By MARGALIT FOX
George W. S. Trow, a writer and media critic known for his biting lamentations over what he saw as the twilight of culture in late-20th-century America, was found dead on Nov. 24 in his apartment in Naples, Italy. He was 63 and had lived in Naples for the last few years.
The Italian authorities ruled that Mr. Trow’s death was due to natural causes, said Rory Nugent, a writer and longtime friend.
Associated with The New Yorker for nearly 30 years, Mr. Trow (his surname rhymes with “grow”) was best known for his provocative essay “Within the Context of No Context.” Published in the Nov. 17, 1980, issue of the magazine, the essay was released in book form by Little, Brown the next year. As a result of Mr. Trow’s work, “the context of no context” — his pithy indictment of the emptiness of modern discourse — became an enduring catchphrase in intellectual circles.
Among Mr. Trow’s other books were a collection of short stories, “Bullies” (Little, Brown, 1980); a novel, “The City in the Mist” (Little, Brown, 1984); and a second volume of criticism, “My Pilgrim’s Progress: Media Studies, 1950-1998” (Pantheon, 1998). His most recent book was “The Harvard Black Rock Forest” (University of Iowa, 2004), a long essay first published in The New Yorker in 1984.
In mourning the passing of American discourse, Mr. Trow was not so much a conservative as a wistful curmudgeon. As he passionately believed, the shimmering Manhattan of Champagne, dinner jackets and meaningful conversation had been devoured, in the decades after World War II, by a culture of celebrity-driven bombast. “A landscape rather like history with the tide out,” he once called it.
To Mr. Trow, the culprit could be named in one word: television.
“The work of television is to establish false contexts and to chronicle the unraveling of existing contexts; finally, to establish the context of no-context and to chronicle it,” he wrote in “Within the Context of No Context.”
While many critics praised the dyspeptic urgency of Mr. Trow’s prose, his style — deadpan, telegraphic, heavily autobiographical — could also work against him. At its most aphoristic, his writing struck some reviewers, in an odd twist of fate, as lacking sufficient context.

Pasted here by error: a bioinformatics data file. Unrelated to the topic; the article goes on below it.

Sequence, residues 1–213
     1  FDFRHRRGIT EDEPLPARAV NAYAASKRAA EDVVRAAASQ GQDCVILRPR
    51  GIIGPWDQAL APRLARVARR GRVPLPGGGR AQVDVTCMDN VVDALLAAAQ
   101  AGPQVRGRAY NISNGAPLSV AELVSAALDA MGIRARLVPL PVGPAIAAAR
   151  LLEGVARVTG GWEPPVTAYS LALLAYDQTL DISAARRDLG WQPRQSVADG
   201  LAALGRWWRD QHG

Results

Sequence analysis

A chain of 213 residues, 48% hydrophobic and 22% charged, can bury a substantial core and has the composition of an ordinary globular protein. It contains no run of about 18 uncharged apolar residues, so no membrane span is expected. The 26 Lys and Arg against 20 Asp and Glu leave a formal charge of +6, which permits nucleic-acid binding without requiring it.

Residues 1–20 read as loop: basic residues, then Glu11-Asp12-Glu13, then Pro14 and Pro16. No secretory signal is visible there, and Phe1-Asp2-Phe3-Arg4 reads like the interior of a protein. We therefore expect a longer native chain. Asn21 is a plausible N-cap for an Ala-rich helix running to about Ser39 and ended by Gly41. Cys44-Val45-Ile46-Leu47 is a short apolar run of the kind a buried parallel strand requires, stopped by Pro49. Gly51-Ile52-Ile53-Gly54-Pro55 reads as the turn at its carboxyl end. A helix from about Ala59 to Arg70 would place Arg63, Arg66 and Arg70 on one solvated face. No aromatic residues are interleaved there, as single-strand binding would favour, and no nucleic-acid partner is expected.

“One of Trow’s favorite formulations in ‘My Pilgrim’s Progress’ is ‘You’ll have to trust me on that one,’ ” Gerald Marzorati wrote in The New York Times Book Review in 1999. “Among the things you have to trust him on are just about everything having to do with his thesis.”
Mr. Trow also wrote several plays, among them “The Tennis Game,” “Prairie Avenue” and “Elizabeth Dead,” that were produced Off Off Broadway. He collaborated on the screenplays of two films, “Savages” (1972), directed by James Ivory; and “The Proprietor” (1996), directed by Ismail Merchant.
George William Swift Trow Jr. was born on Sept. 28, 1943, in Greenwich, Conn., to a prominent family; his father was a high-ranking editor at The New York Post. George Jr. attended Phillips Exeter Academy and Harvard, from which he earned a bachelor’s degree in English in 1965.
An editor of The Harvard Lampoon in college, Mr. Trow was an early contributor to its offshoot, National Lampoon. In 1966, he joined The New Yorker, then under the stewardship of the esteemed editor William Shawn. There, Mr. Trow wrote Talk of the Town articles and also published his short fiction.
He left the magazine, incensed, in 1994. For Mr. Trow, the provocation must have seemed like his most dire cultural prophecy come true: Tina Brown, then the editor, had invited the comedian Roseanne Barr to edit a special issue about women.
In his note of resignation, Mr. Trow likened Ms. Brown to someone selling her soul “to get close to the Hapsburgs — 1913.”
Ms. Brown shot back, in a note of her own: “I am distraught at your defection, but since you never actually write anything, I should say I am notionally distraught.”
In the last half-dozen years, Mr. Trow’s nostalgia for a waning world grew into an enveloping despair, his friend Mr. Nugent said. Mr. Trow forsook his home in Germantown, N.Y., and roamed North America, from Texas to Alaska to Newfoundland, living a pared-down existence, never settling long in one place. After treatment in a psychiatric hospital, he expatriated himself to Italy.
Mr. Trow’s mother, Anne C. Trow, of Southbury, Conn., is his only immediate survivor.
“George was tireless at the oars in pulling toward what he thought was valuable,” Mr. Nugent said yesterday. “His world was that of Mr. Shawn and The New Yorker; of Diana Vreeland, who could be his companion at dinner. And the rest of the world was onto something new.”